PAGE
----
I met Kathie Bowe for the first time three years ago this spring, when she came to St. Augustine’s Easter Vigil service. It’s a magical night, my favorite service of the year. We gather for every Easter Vigil on the night before Easter Day, processing into a darkened church, with candles and chanting and a fire; we read the stories from scripture that remind us of who we are – stories of creation and deliverance and wisdom and salvation. We sing the first alleluia since Lent began.
Kathie wasn’t a member of St. Augustine’s quite yet, on that night three years ago, though that wouldn’t be too far off (at her son Charley’s – and our then-warden’s – persistent invitation). She said some generous things about the worship that night, and the music, high praise from someone for whom music mattered so much, who had sung with some pretty gifted choirs in her lifetime.
A few weeks later I met Kathie at her home at Three Crowns for lunch and a chance to get to know her better. She had some thoughts about church and politics and music, which she shared with me between bites of a really good lobster bisque, hearkening back to her life in Maine. She showed me pictures and told stories. She talked about how very proud she was of her boys and their families, how much she loved her grandchildren. She pointed out the planters on her back patio where she would plant flowers when the ground warmed up enough. She had a particular sort of unvarnished candor and unsentimental hospitality that reminded me of the people in my life I find real and trustworthy.
When she did join this parish, Kathie began to serve as a lector. Lectors are the people who read lessons from scripture in our worship on Sunday mornings. On the Sundays Kathie read, the congregation was captivated as we listened to her sharing the word. When she read the Ten Commandments in church last year, people sat at attention. “You shall not murder!” she said. And I remember sitting up very straight in my pew, and thinking: “No! No, I promise, I won’t!”
Last year at our Easter Vigil, Kathie read the story of creation that we heard her son Charley read from Genesis just a little while ago. We quoted that reading back to her, beginning at a rather raucous Easter dinner the next day, and continuing all year long. The phrase that wouldn’t go away? “It was good.” And it was. The thing that strikes me about both the stories I’ve heard about Kathie and the experiences of her that I witnessed is her deep delight in the creation of which she spoke so amazingly at that Easter Vigil. It was good. Indeed, it was very good.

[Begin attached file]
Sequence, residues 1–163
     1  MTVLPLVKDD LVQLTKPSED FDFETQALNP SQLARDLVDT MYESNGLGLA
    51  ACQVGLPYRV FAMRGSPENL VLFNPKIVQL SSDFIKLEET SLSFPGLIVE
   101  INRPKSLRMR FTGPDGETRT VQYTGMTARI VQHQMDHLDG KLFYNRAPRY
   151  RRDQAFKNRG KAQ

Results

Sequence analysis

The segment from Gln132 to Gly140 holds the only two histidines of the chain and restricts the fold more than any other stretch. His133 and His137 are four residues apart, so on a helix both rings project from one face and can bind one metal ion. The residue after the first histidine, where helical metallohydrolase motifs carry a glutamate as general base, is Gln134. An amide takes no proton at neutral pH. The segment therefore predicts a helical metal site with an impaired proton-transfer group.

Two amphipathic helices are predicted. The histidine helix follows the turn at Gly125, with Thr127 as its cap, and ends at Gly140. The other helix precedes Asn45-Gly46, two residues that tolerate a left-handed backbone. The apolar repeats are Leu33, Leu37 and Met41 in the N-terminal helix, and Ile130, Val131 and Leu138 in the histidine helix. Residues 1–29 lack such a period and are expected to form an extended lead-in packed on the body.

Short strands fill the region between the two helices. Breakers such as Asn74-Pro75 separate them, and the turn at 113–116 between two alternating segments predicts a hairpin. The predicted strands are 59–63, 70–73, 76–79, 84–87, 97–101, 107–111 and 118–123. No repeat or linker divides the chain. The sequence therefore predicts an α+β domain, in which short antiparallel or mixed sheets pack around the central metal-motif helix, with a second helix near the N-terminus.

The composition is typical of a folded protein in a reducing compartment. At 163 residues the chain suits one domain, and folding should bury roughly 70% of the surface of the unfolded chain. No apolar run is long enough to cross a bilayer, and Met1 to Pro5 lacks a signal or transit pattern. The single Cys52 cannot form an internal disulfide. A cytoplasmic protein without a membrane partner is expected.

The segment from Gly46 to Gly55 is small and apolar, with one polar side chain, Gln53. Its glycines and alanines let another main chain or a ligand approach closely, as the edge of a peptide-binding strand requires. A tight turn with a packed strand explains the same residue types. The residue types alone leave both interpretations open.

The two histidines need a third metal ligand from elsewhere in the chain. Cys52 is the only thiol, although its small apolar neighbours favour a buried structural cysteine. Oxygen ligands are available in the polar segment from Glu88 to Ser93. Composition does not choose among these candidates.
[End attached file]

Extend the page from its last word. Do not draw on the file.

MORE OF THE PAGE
It was good, the life she built for her family, together with her husband John, and their sons, Tony, Sandy, Charley, and Rob.
It was good, the beauty she sought and found in music and literature, the standard of ethics she hoped for, and was willing to dig in and work for, in civic life.
It was good, the quick humor she wielded in matter-of-fact ways.
It was good, her life right here in recent years, the chance to really know her grandchildren and be a part of their lives, to live in a community where she found kinship with you.
And it is good, that image we have of her standing at the edge of the water in God’s creation, the sun and the wind on her face as she looks out onto the horizon.
The gospel passage today is another sort of Easter story in this Easter season. As you heard it read, two disciples meet Jesus along the road, and they don’t know that it’s him. He walks some distance with them, and explains and interprets scripture in a way that might have led those disciples to give perhaps just a little bit more credence to the testimony of women at the tomb saying that Jesus is alive. The disciples' eyes are kept from recognizing him, though. But they also don’t want him to leave. “Stay with us,” the disciples ask. "Stay." And he does.
Very near to the end of that passage, Jesus sits at table with those disciples, his friends, the people with whom he has shared his life and his ministry over these past years. At their meal together, he blesses bread, breaks it, and gives it to them. And in the flash of a moment, their hearts burn within them. They know. God is there, right there with them, in the person of Jesus. And it is good.
Sometimes, as was true for those disciples, those moments can come even at a time of profound loss:
…praying last rites in an emergency room just before a cold midnight in February
…a family gathered together the next night, hands held, to pray their beloved mother, mother-in-law, grandmother, “Nonkey,” out of this life and into the next
In the flash of a moment, God is right there.
Tony and Sandy and Charley and Rob, you who are her beloved sons; and you who are her beloved daughters-in-law; and you who are her beloved grandchildren; and you who are her beloved family, and friends – I call you to look for those times in your lives when the beauty of creation is inescapable, when that which is holy draws very near and is offered to you. Watch for those times when, in the flash of a moment, your heart burns within you, and your own eyes are opened.
God is right here.
And it is good. Indeed, it is very good.